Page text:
In an era of intense pressure to succeed, we’re often faced with the dilemma to do well OR do good. Our ambitions for money, security, and recognition can drive us to make choices that enrich ourselves while hurting others. The news provides us an endless parade of Bernie Madoffs holding their heads in shame for prioritizing greed above all else.
While you’re probably not a crook, you likely face similar dilemmas on a subtler, yet consistent basis. Should you overbill your client just a tad to boost revenue? Should you make your co-worker look bad to make yourself look good? Should you deliver products or services that are profitable yet overall damaging to society?
Recently, I’ve been bothered by the lyrics of popular rap songs that my kids blast from the car radio. Jay-Z and Kanye West rap about luring young girls into bathroom stalls to “prove why they deserve to have it all.” And the popular rapper Tyga talks with incessant repetitiveness about throwing hundred dollars bills (“hunnits”) on naked strippers.
Now I’m no prude and I’m all for artistic expression. But peddling obnoxious trash to audiences in order to sell more records can’t be making the world a better place. Sure, these “artists” are scoring a bunch of cash. But at what cost?
A simple test you can use when facing a decision is to imagine that your actions will be covered in great detail on the front page of The New York Times the next morning. A big, tell-all feature explaining the choice you made for the whole world to see. Would you be proud of your actions or ashamed by them? Excited to share the story with your friends and family or overwhelmed by humiliation?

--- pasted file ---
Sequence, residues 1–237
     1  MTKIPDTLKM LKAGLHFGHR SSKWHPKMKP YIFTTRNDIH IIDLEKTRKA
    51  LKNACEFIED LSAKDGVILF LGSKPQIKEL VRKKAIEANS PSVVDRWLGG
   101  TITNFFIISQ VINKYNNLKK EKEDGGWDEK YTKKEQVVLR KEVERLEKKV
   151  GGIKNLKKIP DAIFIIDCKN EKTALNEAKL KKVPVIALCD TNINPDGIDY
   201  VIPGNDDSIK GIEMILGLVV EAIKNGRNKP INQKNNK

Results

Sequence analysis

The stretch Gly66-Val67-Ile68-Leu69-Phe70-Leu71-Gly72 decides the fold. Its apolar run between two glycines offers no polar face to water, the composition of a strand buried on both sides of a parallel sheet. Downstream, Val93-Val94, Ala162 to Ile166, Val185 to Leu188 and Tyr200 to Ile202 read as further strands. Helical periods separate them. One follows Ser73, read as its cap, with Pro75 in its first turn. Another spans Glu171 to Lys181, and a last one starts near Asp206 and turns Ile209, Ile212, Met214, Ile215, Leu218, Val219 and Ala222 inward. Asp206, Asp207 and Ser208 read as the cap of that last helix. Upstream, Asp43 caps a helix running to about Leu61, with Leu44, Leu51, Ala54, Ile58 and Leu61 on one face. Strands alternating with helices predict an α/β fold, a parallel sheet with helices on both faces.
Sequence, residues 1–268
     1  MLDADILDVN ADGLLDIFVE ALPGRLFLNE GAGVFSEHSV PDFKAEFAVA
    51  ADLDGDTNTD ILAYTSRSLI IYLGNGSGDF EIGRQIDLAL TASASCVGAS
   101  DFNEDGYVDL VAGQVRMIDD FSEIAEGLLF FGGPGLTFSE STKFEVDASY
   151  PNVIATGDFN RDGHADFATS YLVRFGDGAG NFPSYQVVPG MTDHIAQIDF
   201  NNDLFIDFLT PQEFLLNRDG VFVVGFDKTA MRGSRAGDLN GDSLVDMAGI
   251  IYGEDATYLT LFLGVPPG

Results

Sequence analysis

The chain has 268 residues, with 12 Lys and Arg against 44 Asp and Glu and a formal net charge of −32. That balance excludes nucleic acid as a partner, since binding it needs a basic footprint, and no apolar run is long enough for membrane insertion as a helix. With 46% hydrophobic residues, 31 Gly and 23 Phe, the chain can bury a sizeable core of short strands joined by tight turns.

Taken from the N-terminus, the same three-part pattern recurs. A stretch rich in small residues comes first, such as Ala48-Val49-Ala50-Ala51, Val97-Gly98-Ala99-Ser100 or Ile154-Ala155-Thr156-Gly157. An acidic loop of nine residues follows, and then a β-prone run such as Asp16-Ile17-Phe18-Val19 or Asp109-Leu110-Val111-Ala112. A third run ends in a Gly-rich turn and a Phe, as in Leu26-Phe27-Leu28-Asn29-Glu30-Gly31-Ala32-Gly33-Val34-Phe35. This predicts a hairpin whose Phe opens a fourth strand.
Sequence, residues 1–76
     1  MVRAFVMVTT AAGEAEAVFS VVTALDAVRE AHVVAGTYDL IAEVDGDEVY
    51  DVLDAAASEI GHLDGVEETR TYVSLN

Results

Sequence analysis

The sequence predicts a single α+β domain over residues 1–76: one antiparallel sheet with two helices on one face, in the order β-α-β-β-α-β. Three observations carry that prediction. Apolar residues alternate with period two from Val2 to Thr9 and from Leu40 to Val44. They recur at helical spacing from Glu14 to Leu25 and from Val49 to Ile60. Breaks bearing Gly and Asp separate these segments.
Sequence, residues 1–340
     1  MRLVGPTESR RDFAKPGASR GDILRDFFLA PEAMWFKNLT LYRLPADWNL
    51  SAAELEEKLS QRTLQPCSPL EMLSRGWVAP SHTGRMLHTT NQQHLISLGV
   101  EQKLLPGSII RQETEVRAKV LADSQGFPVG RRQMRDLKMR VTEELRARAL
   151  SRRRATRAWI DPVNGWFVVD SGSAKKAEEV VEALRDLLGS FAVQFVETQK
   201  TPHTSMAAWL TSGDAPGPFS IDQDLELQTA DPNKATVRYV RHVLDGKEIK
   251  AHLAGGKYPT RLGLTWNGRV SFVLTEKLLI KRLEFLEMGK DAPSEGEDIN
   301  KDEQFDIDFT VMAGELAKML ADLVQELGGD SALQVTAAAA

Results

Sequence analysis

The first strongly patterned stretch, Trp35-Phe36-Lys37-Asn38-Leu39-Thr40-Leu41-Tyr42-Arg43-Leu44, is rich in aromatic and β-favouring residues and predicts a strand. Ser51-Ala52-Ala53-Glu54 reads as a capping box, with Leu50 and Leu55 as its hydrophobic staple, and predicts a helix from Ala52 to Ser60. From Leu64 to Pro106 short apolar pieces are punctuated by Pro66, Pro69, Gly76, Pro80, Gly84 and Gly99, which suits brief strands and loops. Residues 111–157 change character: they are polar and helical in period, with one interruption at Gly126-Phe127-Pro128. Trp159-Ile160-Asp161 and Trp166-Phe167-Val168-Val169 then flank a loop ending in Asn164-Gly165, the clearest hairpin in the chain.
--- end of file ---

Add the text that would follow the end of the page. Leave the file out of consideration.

You could go one step further and ask yourself if someday your grandkids heard the story, how would you feel? Think Tyga and Kanye would be excited to share their primal lyrics with their 8-year-old granddaughters?
Take a good look in the mirror and examine your career, relationships, parenting style, leadership approach, and level of overall contribution. If that NY Times story was coming out tomorrow, which areas of your life would you wish you could have changed?
Some changes may need to be drastic, while others could be a slight pivot allowing you to contribute value rather than destroy it. Since it’s unlikely the Times will be publishing their story tomorrow, you have the gift of opportunity to make those changes now. So when that story is actually on display, you can beam with pride and know you’ve left a positive mark.
With a little creativity, it’s possible to do well AND do good. Challenge yourself to do the right thing instead of the easy thing, and the rewards will end up being tenfold.
Who knows? Maybe you’ll even enjoy the movie version.